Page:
American International Journal of Social Science

ISSN 2325-4149(Print), ISSN 2325-4165(Online)

From Monopolist to Heteroglossia -The Changing of the Position of Church-State Relations of the Christian Denominations in Taiwan in Sunflower Student Movement
Po-Hsien Wang

Abstract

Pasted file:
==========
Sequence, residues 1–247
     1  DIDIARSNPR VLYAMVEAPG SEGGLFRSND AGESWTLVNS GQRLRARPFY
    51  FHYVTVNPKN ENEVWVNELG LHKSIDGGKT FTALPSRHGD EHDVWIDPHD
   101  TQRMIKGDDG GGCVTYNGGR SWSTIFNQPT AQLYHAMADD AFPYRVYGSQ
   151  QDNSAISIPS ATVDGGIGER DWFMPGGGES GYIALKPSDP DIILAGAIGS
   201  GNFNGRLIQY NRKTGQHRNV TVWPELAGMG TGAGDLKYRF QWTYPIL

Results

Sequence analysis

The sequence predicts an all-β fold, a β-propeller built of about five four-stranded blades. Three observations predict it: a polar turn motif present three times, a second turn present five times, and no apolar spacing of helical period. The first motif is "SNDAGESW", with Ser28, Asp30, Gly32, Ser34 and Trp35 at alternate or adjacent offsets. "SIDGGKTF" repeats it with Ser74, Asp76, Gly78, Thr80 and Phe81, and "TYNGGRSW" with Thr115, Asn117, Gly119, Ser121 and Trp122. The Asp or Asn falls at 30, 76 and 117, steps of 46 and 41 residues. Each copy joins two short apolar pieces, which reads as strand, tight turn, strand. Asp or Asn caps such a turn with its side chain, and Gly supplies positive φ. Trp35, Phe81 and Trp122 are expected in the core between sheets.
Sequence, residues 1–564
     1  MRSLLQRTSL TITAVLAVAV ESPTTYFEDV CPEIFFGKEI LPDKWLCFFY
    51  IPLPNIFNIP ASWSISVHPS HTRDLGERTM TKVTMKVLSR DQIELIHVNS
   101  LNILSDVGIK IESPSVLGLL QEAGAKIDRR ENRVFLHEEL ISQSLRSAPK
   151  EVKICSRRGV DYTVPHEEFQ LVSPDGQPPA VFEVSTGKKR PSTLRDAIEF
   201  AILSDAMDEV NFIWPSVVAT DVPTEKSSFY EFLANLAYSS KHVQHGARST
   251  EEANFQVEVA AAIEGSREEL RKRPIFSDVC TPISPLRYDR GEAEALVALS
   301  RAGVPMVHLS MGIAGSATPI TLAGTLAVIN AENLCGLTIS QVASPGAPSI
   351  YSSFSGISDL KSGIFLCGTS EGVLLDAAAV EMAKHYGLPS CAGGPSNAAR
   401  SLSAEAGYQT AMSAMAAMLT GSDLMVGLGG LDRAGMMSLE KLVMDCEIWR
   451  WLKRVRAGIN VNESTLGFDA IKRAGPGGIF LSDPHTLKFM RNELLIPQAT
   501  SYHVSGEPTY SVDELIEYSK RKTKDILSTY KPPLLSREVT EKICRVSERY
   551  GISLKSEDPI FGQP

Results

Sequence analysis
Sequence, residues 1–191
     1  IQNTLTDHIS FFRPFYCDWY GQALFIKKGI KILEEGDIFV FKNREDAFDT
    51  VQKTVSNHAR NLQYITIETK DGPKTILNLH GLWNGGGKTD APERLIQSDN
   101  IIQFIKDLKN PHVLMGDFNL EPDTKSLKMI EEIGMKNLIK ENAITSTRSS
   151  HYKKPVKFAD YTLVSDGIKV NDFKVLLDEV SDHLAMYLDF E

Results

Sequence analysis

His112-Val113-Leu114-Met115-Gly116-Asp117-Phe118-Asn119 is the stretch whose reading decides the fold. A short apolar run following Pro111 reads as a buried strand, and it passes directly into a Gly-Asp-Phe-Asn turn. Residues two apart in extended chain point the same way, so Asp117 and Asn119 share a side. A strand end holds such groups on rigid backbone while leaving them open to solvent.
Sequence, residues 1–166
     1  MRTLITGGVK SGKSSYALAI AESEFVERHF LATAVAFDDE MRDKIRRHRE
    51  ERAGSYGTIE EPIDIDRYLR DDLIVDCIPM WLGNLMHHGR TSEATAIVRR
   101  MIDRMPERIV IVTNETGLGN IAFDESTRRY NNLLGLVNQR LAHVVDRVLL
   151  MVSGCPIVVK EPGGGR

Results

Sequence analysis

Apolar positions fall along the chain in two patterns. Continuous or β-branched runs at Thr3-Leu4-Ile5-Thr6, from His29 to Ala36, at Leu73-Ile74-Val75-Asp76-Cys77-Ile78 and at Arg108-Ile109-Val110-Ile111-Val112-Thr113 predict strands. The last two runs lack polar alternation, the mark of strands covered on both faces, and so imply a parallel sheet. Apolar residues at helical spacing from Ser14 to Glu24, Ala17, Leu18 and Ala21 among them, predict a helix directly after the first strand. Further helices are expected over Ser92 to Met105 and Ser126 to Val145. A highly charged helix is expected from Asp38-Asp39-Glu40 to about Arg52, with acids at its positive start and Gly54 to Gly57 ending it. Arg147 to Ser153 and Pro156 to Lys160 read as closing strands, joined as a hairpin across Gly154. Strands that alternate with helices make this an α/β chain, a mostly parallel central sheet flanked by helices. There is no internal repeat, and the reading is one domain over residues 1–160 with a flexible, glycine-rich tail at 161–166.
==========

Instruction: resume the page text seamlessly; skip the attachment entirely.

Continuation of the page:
Throughout the modern church-state relations in Taiwan, this has transformed from a traditional governmentregulated society into a free and equal society. As the regimes changed, the tension between Church and State also kept changing. The Presbyterian Church in Taiwan began its mission in 1865. In its history of 150 years in Taiwan, it has experienced four ruling regimes. The oldest missionary - Presbyterian Church in Taiwan (PCT) has always played an important role through the period. The highest of tension was in Chiang Kai-shek’s regime. In the time, PCT fought with the government for many issues. In addition, Chiang’s regime also had their countermove. With the 1980’s political reform, the tension has been conceded. However, PCT still retains its concerns for political events. In the Sunflowers Student Movement in Taiwan in the 2014, PCT also played an important role. However, most of the pastors participated for no more than "It’s what we should do", and without ownership of dedicated mission. Meanwhile, in other denominations which firmly stood for "separation of church and state", their pastors begun to have some reminder about the right attitude for the Christian students who joined the movement. In view of the religious economic theory, we can have following explanation: (1) in the past, PCT’s political involvement made many organizations friendly to them. It became an oligopolistic Christian denomination. (2) After the tension between PCT and government was eased, the political concern of PCT became just slogans. (3) The atmosphere of the whole society supporting the student movement makes the sects which were dissenting of political concern switch to support the movement.

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